1% rate rise 'risk' to small firms

The Bank of England is expected to raise rates within months

The Bank of England is expected to raise rates within months

First published in National News © by

A rise in interest rates to 1.5% is likely to throw 218,000 small businesses into serious financial trouble, a survey said.

The Begbies Traynor Red Flag Alert, which looks at the financial health of UK companies, said a 1% rise in the base rate by the Bank of England would hit thousands of small firms because many of these businesses still carry heavy debts taken on during the recession.

It added that the number of companies that moved into "significant distress" rose by 60,000 in the third quarter of the year to 237,000, the third quarterly rise for firms in this category.

Expectations of a rate rise from its historic 0.5% low have been brought forward to this year, or early in 2015, due to stronger UK economic data.

Significant distress at larger companies fell 9% to 19,507 over the same period, due to easier access to bank or other market funding.

Begbies Traynor chairman Ric Traynor said: "While low interest rates and creditor forbearance continue to ensure that businesses are kept off the critical list, you just need to scratch beneath the surface to see clear signs of a twin track economy.

"While larger corporates have taken full advantage of the market opportunities available to them, a growing number of SMEs are overtrading and risk falling at the last hurdle."

However, the report did find that firms on its more serious "critical distress" list have fallen by 9% over the last year to 2,745, the ninth consecutive quarter of year on year improvement in this category.

Begbies Traynor partner Julie Palmer said: "Access to funding is still a major issue for a huge number of UK small and medium sized businesses.

"Although traditional bank finance is now widely available for those firms fortunate enough to comply with mainstream lending criteria, it remains a different story for businesses in complex or challenged circumstances."

Comments (1)

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9:52pm Fri 18 Jul 14

welshmen says...

Probably this could be the answer to our Countries ever growing debt, I pasted this.

A new concept has come to light within Nationalist banking circles that would eliminate the need for personal income tax by taxing, in the same way as VAT does today, all business transactions at source.

The idea offers to circumvent all the tortuous reforms within the banking and financial establishment that we require, as Nationalists, to rebalance the nation's financial circumstances.

A government supervised National Clearing Bank (NCB) would mean all current financial, investment and insurance services could remain intact and unchanged. The only provisor would be that to continue operating, just as with any other business with the UK, all their financial dealings would be obliged to pass through the nation's clearing bank, if they wanted to operate within the UK.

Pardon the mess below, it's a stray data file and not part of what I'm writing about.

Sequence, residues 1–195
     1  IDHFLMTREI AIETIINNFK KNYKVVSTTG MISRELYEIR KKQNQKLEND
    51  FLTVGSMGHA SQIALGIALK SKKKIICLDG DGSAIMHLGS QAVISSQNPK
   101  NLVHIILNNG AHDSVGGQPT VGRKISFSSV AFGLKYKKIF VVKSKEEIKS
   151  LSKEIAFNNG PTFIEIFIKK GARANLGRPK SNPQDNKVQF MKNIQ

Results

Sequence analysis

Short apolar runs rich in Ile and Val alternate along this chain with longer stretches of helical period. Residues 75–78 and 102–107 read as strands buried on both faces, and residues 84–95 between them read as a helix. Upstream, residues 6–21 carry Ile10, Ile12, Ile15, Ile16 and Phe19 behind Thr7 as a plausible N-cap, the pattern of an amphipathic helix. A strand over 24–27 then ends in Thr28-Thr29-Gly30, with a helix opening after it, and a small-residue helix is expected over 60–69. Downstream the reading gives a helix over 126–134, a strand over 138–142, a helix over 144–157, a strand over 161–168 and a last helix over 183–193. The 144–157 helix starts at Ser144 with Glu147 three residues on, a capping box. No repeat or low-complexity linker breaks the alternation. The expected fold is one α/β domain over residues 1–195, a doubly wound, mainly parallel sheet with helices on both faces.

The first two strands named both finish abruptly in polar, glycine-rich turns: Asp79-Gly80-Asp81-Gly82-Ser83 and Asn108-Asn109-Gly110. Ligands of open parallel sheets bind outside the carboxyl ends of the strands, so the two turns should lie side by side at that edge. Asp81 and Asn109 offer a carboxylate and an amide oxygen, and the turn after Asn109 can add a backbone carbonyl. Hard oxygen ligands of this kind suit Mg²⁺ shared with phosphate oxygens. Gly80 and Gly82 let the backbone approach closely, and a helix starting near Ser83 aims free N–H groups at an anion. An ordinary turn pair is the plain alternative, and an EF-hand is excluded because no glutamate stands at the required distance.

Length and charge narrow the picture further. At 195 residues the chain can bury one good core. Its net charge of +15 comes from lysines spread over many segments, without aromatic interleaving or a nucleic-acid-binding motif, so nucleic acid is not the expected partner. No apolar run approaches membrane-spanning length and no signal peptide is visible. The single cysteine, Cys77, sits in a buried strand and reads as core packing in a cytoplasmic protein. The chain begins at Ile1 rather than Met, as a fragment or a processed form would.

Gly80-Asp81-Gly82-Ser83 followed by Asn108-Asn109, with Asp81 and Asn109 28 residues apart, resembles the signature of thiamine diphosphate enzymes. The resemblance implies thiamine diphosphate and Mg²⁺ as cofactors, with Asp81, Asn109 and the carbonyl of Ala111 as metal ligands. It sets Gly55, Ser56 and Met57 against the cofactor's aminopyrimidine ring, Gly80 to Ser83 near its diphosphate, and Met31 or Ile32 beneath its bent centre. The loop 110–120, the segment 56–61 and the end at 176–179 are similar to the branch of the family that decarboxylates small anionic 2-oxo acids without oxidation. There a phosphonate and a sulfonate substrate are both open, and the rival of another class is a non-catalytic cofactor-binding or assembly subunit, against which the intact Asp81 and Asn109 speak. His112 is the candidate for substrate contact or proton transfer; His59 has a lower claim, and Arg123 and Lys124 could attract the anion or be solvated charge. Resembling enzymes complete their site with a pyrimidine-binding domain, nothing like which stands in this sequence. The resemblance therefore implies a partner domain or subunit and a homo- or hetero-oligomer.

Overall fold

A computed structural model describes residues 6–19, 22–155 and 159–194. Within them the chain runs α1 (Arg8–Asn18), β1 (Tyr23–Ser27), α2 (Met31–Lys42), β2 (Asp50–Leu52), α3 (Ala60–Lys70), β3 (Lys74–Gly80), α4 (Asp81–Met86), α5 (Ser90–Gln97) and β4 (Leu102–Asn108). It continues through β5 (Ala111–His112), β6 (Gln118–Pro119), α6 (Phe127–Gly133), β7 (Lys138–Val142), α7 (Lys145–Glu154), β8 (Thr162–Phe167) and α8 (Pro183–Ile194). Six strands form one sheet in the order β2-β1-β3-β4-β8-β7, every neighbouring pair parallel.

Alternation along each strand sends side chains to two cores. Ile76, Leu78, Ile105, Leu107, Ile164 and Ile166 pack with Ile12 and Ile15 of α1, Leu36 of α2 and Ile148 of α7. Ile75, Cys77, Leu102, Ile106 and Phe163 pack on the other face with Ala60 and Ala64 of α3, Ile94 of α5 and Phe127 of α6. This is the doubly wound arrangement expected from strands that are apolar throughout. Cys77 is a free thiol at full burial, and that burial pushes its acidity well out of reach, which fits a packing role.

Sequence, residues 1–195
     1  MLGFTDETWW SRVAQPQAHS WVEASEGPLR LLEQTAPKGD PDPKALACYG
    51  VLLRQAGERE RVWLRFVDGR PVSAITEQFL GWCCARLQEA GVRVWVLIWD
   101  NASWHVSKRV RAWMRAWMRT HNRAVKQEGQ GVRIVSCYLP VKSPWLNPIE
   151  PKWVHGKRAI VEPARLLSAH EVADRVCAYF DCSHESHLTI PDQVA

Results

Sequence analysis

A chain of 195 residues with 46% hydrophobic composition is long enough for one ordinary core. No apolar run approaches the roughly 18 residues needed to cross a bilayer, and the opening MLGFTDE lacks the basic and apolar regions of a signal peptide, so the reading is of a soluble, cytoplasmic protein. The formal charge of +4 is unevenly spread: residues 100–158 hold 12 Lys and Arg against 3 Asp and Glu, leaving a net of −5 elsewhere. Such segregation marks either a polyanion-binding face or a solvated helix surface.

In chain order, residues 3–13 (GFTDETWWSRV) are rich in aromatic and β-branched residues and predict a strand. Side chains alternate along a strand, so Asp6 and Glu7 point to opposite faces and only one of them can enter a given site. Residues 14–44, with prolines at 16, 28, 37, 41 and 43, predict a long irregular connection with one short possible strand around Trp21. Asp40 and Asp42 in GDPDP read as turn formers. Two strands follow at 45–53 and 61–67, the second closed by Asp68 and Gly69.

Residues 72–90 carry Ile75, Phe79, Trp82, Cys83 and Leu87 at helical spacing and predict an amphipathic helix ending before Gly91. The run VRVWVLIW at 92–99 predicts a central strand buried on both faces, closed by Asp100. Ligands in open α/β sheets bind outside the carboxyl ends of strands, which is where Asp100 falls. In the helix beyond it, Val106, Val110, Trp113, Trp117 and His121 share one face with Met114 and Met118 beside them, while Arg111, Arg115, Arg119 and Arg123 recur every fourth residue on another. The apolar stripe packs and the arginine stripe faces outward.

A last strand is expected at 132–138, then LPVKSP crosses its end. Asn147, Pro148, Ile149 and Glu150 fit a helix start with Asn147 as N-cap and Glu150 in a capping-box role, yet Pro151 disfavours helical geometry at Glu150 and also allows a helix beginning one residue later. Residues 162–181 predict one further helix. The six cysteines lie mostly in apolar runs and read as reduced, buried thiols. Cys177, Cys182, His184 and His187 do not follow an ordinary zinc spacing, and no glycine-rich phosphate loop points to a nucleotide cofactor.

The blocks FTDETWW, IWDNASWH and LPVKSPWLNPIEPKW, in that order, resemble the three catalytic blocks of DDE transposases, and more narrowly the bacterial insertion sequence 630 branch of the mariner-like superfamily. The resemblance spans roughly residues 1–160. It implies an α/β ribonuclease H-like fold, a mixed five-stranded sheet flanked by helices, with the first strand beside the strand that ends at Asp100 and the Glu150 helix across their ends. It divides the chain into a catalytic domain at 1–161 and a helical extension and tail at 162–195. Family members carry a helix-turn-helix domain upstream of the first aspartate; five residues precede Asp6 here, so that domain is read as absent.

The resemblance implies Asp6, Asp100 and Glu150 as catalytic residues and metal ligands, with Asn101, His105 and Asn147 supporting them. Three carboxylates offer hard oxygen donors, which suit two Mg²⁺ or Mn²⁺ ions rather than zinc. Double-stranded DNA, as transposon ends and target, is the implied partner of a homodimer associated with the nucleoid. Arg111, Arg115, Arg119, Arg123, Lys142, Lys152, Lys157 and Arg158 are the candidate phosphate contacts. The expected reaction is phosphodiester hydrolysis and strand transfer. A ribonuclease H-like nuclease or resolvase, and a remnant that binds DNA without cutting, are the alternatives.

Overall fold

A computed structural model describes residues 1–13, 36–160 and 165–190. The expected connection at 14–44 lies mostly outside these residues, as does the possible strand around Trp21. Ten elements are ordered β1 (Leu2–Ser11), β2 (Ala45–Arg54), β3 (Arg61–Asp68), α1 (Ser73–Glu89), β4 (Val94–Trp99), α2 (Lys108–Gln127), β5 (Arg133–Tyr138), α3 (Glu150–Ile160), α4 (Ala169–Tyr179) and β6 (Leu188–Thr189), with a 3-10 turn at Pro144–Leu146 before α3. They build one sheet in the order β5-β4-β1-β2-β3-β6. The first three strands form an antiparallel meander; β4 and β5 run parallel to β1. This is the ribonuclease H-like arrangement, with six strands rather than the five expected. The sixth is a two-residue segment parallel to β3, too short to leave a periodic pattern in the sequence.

Even the Bank of England could remain as it is with its private shareholders and right to issue IOU notes as currency, providing, of course, they do all their business openly through the NCB.

Having this National Clearing Bank through which every legal financial activity must pass ensures that the government has the ability to observe, understand and control the nation's trading position first hand, without interference from a third party and according to Nationalist business protocol.

The NCB can control the flow of money throughout the whole nation, subtract tax at source, create and issue debt free currency, and define the form of currency acceptable for taxes. This allows for the gradual replacement, perhaps over two or three years, of old interest charged money for new debt free government issue currency.

The NCB could then instigate and operate Maynard Keynes' "bancor" trading system, so favoured by China and other BRICS and non-aligned countries, which obviates a need for a reserve currency, debilitating exchange rates, or the obligation to operate through the Bank for International Settlement.

"Bancor" is an international trading system which is a form of credit between one nation and another. This allows nations to trade securely outside the control of private banks on behalf of major companies. This will reduce trading costs and increase security and goodwill amongst trading partners.

Information provided by the NCB means that weak areas of the economy can be quickly observed by government. Any required injection of the nation's debt free currency to invest in new infrastructure, capital equipment or aid a local community suffering from a business failure, can be actioned quickly.

The idea of a National Clearing Bank comes from observing the effectiveness of the European Coal and Steel Community (ECSC) established in 1952. It changed the face of Europe for ever by taking absolute control of all coal and steel production in West Germany, France, Italy, Belgium, the Netherlands, and Luxembourg.

The ECSC had the right to control prices, channel investment, raise funds through a tax on sales, and allocate coal and steel to which ever company it chose. Its decisions were binding and could not be contested by an individual nation.

Gradually, just as happened with the ECSC, financial and business institutions within Britain as well as those without, who wish to trade with us, would be obliged to operate according to British Nationalist thinking and ideas.

The national government would operate a financial monopoly just as the ECSC did in Europe. In the same way as the ECSC irrevocably changed western nations and their trading habits, so too the NCB would change Britain and her trading partners in to Nationalist compliant operators.

This way, the argument goes, Nationalists can ease out unacceptable forms of business, such as pay day loan sharks like Wonga or inefficient inflationary quantitative easing by the Bank of England. International investments can be fully monitored and absentee landlords and foreign ownership of British companies discouraged.

Ultimately the NCB could operate its own debit and credit cards through the nation's clearing bank. Authorised appointed agents would be licenced to issue card facilities such as high street banks, larger retailers or even national charities. This would allow us to operate the nation's finances outside the control of US and Zionist controlled banks.

Unfortunately, while this new idea seems on the surface to offer all the answers to our nation's banking problems, it does have a lot of drawbacks. The most obvious of which is does it give government too much power?

While the possibility of eliminating income tax altogether does seem possible, would the actual outcome be to stifle business with too much red tape and act as a brake on investment?